So I recently started writing a config parser for a Python project I'm working on. I initially avoided configparser and configobj, because I wanted to support a config file like so:


food=cake icecream

In short, this config file is going to be edited via the command line over SSH often. So I don't want to tab or finicky about spacing (like YAML), but I also want avoid keys with multiple values (easily 10 or more) being line wrapped in vi. This is why I would like to support duplicate keys.

An my ideal world, when I ask the Python config object for food, it would give me a list back with ['burger', 'hotdog', 'cake', 'icecream']. If there wasn't a food value defined, it would look in a defaults config file and give me that/those values.

I have already implemented the above

However, my troubles started when I realized I wanted to support preserving inline comments and such. The way I handle reading and writing to the config files, is decoding the file into a dict in memory, read the values from the dict, or write values to the dict, and then dump that dict back out into a file. This isn't really nice for preserving line order and commenting and such and it's bugging the crap out of me.

A) ConfigObj looks like it has everything I need except support duplicate keys. Instead it wants me to make a list is going to be a pain to edit manually in vi over ssh due to line wrapping. Can I make configobj more ssh/vi friendly?

B) Is my homebrew solution wrong? Is there a better way of reading/writing/storing my config values? Is there any easy way to handle changing a key value in a config file by just modifying that line and rewriting the entire config file from memory?


Well I would certainly try to leverage what is in the standard library if I could.

The signature for the config parser classes look like this:

class ConfigParser.SafeConfigParser([defaults[, dict_type[, allow_no_value]]])

Notice the dict_type argument. When provided, this will be used to construct the dictionary objects for the list of sections, for the options within a section, and for the default values. It defaults to collections.OrderedDict. Perhaps you could pass something in there to get your desired multiple-key behavior, and then reap all the advantages of ConfigParser. You might have to write your own class to do this, or you could possibly find one written for you on PyPi or in the ActiveState recipes. Try looking for a bag or multiset class.

I'd either go that route or just suck it up and make a list:

foo = value1, value2, value3
  • 1
    I tried and failed, mainly because the _read method of the RawConfigParser uses the same dictionary to parse multiline values, write them in a list as mapped object of the key. And do another pass at the end to join everything in the dictionary. So you'll end up with something like {'key': ['value'], 'key': 'value'} and need a really bad hack to make it work. Dec 30 '14 at 14:11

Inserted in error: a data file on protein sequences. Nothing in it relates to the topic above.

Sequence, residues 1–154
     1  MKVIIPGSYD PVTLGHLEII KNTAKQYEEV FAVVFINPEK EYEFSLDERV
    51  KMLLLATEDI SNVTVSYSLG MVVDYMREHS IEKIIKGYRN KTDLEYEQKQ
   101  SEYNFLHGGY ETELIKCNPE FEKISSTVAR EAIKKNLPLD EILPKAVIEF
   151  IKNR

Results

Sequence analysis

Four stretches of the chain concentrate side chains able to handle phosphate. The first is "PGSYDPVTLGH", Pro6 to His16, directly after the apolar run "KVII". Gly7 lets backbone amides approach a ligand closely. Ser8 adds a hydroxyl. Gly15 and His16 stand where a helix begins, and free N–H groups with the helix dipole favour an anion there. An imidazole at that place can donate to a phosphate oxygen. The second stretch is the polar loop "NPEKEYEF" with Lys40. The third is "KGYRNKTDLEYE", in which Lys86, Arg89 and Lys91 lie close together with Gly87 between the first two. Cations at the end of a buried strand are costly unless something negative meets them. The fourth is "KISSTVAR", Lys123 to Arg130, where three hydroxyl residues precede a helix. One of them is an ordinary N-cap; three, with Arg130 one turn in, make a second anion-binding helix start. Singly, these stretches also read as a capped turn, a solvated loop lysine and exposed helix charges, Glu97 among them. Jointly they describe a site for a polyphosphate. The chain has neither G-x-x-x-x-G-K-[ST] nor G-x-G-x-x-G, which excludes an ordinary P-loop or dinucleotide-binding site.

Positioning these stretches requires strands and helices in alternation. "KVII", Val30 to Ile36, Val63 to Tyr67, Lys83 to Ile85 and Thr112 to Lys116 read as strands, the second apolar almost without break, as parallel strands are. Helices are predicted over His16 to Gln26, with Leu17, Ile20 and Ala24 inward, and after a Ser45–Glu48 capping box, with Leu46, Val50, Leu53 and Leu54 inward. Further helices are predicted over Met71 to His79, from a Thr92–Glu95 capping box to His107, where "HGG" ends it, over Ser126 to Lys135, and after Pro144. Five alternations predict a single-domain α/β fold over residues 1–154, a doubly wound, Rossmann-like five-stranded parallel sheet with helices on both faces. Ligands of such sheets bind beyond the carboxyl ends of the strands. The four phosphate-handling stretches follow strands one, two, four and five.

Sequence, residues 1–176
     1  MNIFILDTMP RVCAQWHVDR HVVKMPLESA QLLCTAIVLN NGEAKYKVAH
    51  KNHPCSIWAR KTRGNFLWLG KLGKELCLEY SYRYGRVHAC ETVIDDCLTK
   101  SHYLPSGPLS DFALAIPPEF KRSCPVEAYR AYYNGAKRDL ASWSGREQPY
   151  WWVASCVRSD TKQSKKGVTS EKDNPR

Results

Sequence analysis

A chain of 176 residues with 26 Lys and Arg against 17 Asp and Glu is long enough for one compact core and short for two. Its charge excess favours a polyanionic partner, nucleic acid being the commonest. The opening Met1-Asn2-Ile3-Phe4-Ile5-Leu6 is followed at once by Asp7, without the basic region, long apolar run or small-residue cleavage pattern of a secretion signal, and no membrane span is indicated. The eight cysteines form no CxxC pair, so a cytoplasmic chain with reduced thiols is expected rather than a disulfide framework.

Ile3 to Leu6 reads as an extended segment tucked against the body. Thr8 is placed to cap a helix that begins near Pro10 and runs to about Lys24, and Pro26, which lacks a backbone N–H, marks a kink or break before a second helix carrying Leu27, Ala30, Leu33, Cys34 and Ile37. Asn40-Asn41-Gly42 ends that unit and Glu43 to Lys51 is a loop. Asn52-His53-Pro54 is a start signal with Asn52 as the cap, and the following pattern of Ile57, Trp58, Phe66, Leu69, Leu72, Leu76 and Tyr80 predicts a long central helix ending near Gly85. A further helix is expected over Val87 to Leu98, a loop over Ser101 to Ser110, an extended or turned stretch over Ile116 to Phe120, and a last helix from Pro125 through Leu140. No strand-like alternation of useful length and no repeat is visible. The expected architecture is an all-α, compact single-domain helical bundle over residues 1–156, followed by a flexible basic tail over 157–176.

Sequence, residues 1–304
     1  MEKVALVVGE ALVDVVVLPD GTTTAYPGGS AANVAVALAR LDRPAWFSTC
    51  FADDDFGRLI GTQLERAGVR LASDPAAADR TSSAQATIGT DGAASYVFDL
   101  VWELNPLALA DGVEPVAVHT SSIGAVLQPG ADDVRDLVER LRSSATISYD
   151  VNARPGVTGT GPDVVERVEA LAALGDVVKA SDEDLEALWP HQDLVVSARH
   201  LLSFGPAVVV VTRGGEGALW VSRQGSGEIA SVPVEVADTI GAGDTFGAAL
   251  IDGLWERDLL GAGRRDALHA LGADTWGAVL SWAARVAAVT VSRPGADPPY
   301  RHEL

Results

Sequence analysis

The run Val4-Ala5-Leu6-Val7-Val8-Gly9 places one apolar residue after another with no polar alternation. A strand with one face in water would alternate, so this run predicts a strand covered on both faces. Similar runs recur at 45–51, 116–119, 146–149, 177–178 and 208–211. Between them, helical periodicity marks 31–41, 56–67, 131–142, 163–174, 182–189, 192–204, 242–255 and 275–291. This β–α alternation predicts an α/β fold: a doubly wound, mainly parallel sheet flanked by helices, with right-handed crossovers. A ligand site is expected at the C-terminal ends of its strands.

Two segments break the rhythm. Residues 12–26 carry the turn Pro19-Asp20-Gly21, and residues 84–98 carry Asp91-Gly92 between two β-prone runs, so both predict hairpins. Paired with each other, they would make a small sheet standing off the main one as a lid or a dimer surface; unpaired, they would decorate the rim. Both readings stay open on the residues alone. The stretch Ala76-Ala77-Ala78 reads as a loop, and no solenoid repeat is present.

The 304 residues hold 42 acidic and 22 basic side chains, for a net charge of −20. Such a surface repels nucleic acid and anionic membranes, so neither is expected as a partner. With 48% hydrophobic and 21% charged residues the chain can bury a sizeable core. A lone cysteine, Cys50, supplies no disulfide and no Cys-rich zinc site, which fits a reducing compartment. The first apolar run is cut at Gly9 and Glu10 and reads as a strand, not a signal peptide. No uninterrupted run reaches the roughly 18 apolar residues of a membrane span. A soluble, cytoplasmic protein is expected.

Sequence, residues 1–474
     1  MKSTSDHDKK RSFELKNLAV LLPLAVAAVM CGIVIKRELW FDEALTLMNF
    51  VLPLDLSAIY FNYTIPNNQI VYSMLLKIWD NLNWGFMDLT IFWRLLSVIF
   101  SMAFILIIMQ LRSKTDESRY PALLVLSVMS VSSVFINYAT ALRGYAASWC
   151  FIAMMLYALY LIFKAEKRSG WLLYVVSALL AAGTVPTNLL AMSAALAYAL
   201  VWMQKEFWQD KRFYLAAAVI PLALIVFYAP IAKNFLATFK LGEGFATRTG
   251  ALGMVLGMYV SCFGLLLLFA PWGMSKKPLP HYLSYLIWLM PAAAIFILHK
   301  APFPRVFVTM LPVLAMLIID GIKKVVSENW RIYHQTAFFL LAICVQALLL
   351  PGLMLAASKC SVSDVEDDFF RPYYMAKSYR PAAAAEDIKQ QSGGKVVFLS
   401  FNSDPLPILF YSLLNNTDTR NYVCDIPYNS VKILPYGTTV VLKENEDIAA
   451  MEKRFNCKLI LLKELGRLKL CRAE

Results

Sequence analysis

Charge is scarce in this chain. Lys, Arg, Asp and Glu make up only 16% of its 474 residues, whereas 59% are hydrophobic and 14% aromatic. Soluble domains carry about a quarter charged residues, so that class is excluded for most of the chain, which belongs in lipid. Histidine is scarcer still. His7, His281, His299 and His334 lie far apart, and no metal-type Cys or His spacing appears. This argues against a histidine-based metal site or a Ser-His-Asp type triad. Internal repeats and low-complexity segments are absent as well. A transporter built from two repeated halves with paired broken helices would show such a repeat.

Crazy idea: make your dictionary values as a list of 3-tuples with line number, col number and value itself and add special key for comment.

CommentSymbol = ';'
def readConfig(filename):
    f = open(filename, 'r')
    if not f:
    def addValue(dict, key, lineIdx, colIdx, value):
        if key in dict:
            dict[key].append((lineIdx, colIdx, value))
            dict[key] = [(lineIdx, colIdx, value)]
    res = {}
    i = 0
    for line in f.readlines():
        idx = line.find(CommentSymbol)
        if idx != -1:
            comment = line[idx + 1:]
            addValue(res, CommentSymbol, i, idx, comment)
            line = line[:idx]
        pair = [x.strip() for x in line.split('=')][:2]
        if len(pair) == 2:
            addValue(res, pair[0], i, 0, pair[1])
        i += 1
    return res

def writeConfig(dict, filename):
    f = open(filename, 'w')
    if not f:
    index = sorted(dict.iteritems(), cmp = lambda x, y: cmp(x[1][:2], y[1][:2]))
    i = 0
    for k, V in index:
        for v in V:
            if v[0] > i:
                f.write('\n' * (v[0] - i - 1))
            if k == CommentSymbol:
                f.write('{0}{1}'.format(CommentSymbol, str(v[2])))
                f.write('{0} = {1}'.format(str(k), str(v[2])))
            i = v[0]
  • and you need another function to add value to dictionary Mar 22 '11 at 19:34

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